Stand-Alone Cased Hole Logging Accurately Distinguishes New Gas Pay from Tight Zones | SLB
Case Study
Location
United States, North America, Onshore
Details

Challenge: Find new pay in a cased well that was not logged before it was completed.

Solution: Run Pulsar multifunction spectroscopy service, which incorporates the new fast neutron cross section (FNXS) measurement that overcomes the biases of conventional cased hole pulsed neutron logs.

Results: Definitively identified gas-filled porosity zone within tight formations that previously would have been incorrectly flagged as also gas bearing.

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Stand-Alone Cased Hole Logging Accurately Distinguishes New Gas Pay from Tight Zones

Pulsar multifunction spectroscopy service provides complete petrophysical volumetric interpretation through casing with openhole logging quality, North Texas

The search for new pay without openhole logs

The operator of a producing well in North Texas wanted to identify new pay zones to complete. However, no openhole logs had been run prior to completion. The well was drilled with an 8 3/4-in bit and completed with 5 1/2-in 20-lbm/ft casing. No tubing is present in the water-filled well.

Cased hole reservoir evaluation that does not need openhole data

Pulsar multifunction spectroscopy service provides a complete, stand-alone petrophysical volumetric interpretation in cased wells. This is possible through the combination of spectroscopically quantified mineralogy and lithology with traditional cased hole pulsed neutron logs and the new FNXS measurement. FNXS definitively differentiates gas-filled porosity from liquid-filled zones and tight formations because the fast neutron inelastic scattering response is not dominated by any elements. This results in the FNXS values for rock matrix and water falling in the same range, which focuses the measurement's sensitivity on variation in gas content.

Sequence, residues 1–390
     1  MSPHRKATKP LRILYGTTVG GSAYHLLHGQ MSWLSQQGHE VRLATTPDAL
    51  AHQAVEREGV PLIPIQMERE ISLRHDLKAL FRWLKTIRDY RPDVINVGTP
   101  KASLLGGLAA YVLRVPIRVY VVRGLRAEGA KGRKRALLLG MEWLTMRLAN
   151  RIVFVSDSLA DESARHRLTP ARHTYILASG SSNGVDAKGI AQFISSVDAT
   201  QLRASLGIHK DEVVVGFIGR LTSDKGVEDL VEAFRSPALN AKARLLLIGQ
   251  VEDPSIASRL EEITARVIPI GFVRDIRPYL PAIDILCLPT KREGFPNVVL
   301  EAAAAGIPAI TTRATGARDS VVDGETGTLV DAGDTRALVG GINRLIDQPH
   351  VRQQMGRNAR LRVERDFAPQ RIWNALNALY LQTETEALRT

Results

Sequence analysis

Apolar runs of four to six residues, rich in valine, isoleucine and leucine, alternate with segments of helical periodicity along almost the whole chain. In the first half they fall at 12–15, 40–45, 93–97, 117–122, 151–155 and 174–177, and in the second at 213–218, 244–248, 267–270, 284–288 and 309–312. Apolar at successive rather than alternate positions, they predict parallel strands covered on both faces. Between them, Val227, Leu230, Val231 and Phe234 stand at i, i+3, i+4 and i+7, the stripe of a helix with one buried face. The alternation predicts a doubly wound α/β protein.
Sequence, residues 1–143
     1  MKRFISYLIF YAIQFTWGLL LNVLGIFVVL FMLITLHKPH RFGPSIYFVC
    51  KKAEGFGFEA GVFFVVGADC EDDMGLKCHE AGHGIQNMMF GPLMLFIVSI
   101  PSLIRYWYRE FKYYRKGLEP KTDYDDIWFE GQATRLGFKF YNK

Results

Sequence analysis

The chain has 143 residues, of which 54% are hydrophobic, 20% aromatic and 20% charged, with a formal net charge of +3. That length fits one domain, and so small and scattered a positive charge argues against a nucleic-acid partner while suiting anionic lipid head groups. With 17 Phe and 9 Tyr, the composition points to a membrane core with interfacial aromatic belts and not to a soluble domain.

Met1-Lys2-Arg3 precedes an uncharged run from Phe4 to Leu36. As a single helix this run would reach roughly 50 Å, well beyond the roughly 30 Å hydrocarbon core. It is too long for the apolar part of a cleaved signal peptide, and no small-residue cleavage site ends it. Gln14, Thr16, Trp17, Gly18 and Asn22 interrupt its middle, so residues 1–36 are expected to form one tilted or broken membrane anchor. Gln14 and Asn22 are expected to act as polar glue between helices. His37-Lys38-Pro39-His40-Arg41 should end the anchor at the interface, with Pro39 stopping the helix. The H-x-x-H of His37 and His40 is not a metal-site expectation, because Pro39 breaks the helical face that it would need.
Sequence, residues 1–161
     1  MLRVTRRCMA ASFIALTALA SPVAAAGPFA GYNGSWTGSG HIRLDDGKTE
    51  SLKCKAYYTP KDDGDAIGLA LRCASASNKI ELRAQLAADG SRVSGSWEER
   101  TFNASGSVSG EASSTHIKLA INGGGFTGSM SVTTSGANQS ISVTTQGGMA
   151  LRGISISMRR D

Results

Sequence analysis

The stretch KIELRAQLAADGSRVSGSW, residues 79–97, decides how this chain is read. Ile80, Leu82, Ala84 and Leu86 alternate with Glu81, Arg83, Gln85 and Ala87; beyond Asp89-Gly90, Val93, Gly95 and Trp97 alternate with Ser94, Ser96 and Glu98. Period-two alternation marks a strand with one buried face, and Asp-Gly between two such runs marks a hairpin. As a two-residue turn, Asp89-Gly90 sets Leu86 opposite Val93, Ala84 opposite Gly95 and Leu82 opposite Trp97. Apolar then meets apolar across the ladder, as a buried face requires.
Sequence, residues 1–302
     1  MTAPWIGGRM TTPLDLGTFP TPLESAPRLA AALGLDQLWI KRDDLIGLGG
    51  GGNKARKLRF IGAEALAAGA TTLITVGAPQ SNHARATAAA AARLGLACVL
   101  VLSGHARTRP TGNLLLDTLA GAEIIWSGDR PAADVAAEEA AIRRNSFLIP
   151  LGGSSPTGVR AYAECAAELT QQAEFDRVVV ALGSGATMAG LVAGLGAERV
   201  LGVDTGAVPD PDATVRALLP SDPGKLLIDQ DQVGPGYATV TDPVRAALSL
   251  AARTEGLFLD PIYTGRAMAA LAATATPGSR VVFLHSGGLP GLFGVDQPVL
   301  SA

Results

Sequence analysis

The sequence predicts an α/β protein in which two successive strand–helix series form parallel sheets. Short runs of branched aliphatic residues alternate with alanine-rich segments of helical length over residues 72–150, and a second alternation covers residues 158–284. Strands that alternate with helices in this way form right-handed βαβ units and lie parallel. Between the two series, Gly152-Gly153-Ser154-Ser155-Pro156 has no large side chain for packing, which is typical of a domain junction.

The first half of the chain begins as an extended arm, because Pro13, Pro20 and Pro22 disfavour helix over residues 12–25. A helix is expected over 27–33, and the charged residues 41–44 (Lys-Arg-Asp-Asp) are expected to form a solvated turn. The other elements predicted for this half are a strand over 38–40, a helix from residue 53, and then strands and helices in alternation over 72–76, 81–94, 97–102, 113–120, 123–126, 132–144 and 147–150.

Differentiation of gas-filled porosity from tight zones

The well was logged at 1,000 ft/h in GSH-lithology mode, which simultaneously acquires data for gas, sigma, and hydrocarbon index (GSH) in addition to elemental spectroscopy in a single pass.

Gamma ray, sigma, and thermal neutron porosity (TPHI) from Pulsar service (Tracks 1 through 3, respectively) show several clean zones that could potentially be tight gas reservoirs. The near/far and near/deep burst ratios in Track 5, which are the gas indicators for conventional cased hole pulsed neutron logging, flag all the clean zones as gas bearing. However, only the uppermost zone at approximately X,790–X,800 ft is identified as gas bearing by the FNXS measurement, which is shown with a cutoff set for 0-pu quartz at 6.8 m–1 to account for the low-porosity lithology. The dry-weight elemental concentrations of calcium and silicon in Track 6 confirm that this interval comprises interbedded sandstones, limestones, and shales.

The petrophysical interpretation shown in the right two tracks was generated using Pulsar service's sigma, TPHI, FNXS, gamma ray, and dry-weight elements in a weighted linear solver. The lack of openhole logging was not an impediment to obtaining a full analysis because Pulsar service does not need that data input.

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Although conventional cased hole logging identified several zones as potential gas-bearing reservoirs (Track 5), FNXS confirmed that only the uppermost zone has gas-filled porosity, differentiating it from the other tight zones.
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